“When I grow up, I’m gonna be a builder,” says my almost-five-year-old as he builds yet another house with his LEGO bricks. He loves when we drive by construction sites and can name every piece of equipment he sees.
Lately, I’ve wondered: When did we stop encouraging our kids to pursue blue-collar careers? And with the speed of technology, what will those industries look like in 13 years or so when my son graduates from high school?
The skilled labor shortage
American manufacturers are on pace to have two million unfilled manufacturing jobs by 2025 and 70 percent of construction companies have reported they’re struggling to fill the types of positions that represent the bulk of their workforce.
Manufacturing is the largest industry in Indiana and accounts for about 20 percent of our state’s workforce. When speaking about his 2018 legislative agenda, Governor Holcomb said, “We know currently, exactly where there are 92,000 unfilled jobs. These are high-wage, high-demand jobs and we’ve got to fill them, we’ve got to fill them like, yesterday.”
So what does all this mean for the tech industry? It means we should be paying attention and looking for opportunities to help bridge these gaps. These companies are our potential customers and partners. Workers in these fields are our friends, family, neighbors, and maybe someday, our kids.
Changing the narrative
Part of today’s skilled labor shortage can be explained by the way we view these kinds of jobs as a society. Dirty Jobs host, Mike Rowe, has been a big proponent of addressing the widening skills gap.
“Collectively, we’ve discouraged our kids from pursuing a whole category of perfectly good jobs, because we don’t see them as aspirational… But people forget that skilled tradespeople form more small businesses than any other kind of entrepreneur. So — not only is there upward mobility — there’s widespread, limitless, and unprecedented opportunity,” he said in an interview with Forbes.
Many of the biggest voices in tech have done a less-than-stellar job addressing the needs of blue-collar workers. Jeff Bezos was recently called out in Harvard Business Review regarding his annual letter to shareholders: “The Amazon CEO writes ingeniously about customer service, cloud computing, and the logic of creativity. What Bezos rarely, if ever, writes about is how he can apply his powers of strategic thinking and bold innovation to creating a more compelling future for the hundreds of thousands of Amazon workers who work in its warehouses and distribution centers,” Bill Taylor writes.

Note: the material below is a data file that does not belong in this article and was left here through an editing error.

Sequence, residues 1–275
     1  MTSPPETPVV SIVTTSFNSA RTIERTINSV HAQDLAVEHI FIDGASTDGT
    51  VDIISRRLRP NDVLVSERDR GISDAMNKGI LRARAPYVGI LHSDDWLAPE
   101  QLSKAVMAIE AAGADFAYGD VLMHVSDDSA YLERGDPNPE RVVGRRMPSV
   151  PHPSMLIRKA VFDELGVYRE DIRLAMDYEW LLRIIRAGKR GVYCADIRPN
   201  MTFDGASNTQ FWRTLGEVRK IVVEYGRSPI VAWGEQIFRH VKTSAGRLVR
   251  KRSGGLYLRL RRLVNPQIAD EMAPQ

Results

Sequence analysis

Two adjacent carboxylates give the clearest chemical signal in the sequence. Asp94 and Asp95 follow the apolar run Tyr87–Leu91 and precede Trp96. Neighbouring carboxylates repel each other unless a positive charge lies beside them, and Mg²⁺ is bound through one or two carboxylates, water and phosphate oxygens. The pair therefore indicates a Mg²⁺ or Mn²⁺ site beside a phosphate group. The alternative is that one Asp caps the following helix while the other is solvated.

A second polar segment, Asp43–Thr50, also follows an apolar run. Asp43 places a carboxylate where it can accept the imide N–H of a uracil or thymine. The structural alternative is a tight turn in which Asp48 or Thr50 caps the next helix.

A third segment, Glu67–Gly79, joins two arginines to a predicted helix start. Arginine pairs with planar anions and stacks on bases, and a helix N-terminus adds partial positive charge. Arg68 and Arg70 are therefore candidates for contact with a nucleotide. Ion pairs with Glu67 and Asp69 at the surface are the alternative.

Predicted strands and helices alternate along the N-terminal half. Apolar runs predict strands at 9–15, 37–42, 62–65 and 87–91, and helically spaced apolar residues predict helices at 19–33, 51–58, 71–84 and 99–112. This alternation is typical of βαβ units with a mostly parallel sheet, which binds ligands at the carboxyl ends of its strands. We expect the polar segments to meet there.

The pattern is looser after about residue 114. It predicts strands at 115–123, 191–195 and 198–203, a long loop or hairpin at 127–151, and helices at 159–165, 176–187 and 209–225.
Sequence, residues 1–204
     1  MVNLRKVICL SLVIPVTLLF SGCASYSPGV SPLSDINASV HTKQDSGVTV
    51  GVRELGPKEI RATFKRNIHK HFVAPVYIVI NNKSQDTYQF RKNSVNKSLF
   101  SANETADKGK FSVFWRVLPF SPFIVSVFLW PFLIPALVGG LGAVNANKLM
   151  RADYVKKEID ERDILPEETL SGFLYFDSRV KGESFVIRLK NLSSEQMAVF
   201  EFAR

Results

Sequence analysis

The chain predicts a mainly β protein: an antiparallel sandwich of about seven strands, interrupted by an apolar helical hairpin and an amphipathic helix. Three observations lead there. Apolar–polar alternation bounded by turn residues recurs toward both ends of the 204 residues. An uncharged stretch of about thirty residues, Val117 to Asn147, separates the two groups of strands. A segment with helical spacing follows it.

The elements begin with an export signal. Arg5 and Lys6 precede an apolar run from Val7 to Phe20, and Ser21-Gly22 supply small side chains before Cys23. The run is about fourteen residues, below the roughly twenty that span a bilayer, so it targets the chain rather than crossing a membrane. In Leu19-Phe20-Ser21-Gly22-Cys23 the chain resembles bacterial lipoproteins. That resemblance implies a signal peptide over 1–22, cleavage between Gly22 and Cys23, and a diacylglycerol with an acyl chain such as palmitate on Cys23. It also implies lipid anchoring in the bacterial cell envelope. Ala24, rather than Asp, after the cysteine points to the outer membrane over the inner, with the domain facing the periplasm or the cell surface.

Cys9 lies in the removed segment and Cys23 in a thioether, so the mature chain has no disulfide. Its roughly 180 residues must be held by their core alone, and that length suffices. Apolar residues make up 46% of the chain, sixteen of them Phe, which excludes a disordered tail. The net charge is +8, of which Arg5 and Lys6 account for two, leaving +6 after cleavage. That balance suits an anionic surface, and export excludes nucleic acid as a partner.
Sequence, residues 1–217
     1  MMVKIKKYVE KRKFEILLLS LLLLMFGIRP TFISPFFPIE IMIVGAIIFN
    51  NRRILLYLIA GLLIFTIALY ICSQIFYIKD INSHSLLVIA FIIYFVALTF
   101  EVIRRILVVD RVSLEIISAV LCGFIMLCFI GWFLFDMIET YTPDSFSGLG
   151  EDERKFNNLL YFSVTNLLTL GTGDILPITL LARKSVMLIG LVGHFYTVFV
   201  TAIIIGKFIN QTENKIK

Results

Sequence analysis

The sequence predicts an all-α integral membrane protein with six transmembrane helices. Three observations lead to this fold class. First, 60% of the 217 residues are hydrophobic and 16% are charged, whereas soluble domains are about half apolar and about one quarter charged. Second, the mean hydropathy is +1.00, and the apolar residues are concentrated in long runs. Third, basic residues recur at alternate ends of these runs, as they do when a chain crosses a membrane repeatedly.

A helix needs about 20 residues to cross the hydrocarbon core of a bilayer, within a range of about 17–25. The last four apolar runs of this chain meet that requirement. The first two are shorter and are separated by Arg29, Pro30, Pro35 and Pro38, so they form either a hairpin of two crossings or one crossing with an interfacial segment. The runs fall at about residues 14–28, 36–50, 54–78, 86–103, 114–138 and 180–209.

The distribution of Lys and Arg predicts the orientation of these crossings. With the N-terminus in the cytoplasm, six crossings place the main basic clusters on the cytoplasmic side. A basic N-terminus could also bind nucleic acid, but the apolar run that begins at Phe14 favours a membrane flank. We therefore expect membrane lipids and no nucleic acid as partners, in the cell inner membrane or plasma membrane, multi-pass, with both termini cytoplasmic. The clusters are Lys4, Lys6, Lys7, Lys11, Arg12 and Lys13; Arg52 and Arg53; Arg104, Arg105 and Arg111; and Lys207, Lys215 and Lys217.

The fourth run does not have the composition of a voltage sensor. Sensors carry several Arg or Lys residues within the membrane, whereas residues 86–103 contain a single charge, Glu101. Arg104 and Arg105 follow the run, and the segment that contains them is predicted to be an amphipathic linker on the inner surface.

The rise of “new-collar” jobs
“This is not about white-collar vs. blue-collar jobs, but about the “new-collar” jobs that employers in many industries demand, but which remain largely unfilled,” said IBM CEO Ginni Rometty. IBM is leading the charge in fostering a new category of careers that bridge the gap between traditional industries and emerging technologies and prepare young people for the new dynamics of today’s global market.
Students of IBM’s Pathways in Technology Early College High School (P-TECH) will graduate in six years (or less) with an associate degree in applied science, engineering, computers, or other competitive STEM disciplines. The school prepares students for successful “new-collar” careers — and doesn’t cost them a thing.
Indiana is uniquely positioned for the future
Startups in the midwest are more well-positioned (both literally and figuratively) to relate to business owners and workers in blue-collar industries. At Emplify, our customers come to us for help measuring and improving employee engagement, so they can compete for and retain skilled talent. As a Midwest company, we’re better equipped to relate to blue-collar business leaders than many of our Silicon Valley competitors.
As Ed Illig, VP of Marketing at Emplify put it, “Indiana has made significant strides in stopping-up the midwest brain drain. But as our sink fills up, it seems incumbent upon the tech community to recognize the highly-skilled workforces that enable the world around us. Most of that tech reservoir is comprised of folks that grew up in this region — people that can articulate the Midwest ethos from personal experience. Who better to appreciate, enhance, and enable the infrastructure we all rely on.”
By leaning into the “new-collar” future, we have the opportunity to help these industries innovate and create solutions to the problems they face. We can be on the frontlines of rejuvenating the skilled labor force through technology, and perhaps, help little future builders pursue their dreams.